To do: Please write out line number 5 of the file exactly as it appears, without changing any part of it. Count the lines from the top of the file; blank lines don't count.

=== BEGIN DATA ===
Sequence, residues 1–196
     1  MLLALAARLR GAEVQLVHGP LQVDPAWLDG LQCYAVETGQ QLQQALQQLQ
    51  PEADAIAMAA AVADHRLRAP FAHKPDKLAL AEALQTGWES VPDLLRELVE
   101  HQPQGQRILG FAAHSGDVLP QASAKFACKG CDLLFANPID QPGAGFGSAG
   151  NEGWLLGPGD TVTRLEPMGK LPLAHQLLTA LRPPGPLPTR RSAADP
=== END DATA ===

   151  NEGWLLGPGD TVTRLEPMGK LPLAHQLLTA LRPPGPLPTR RSAADP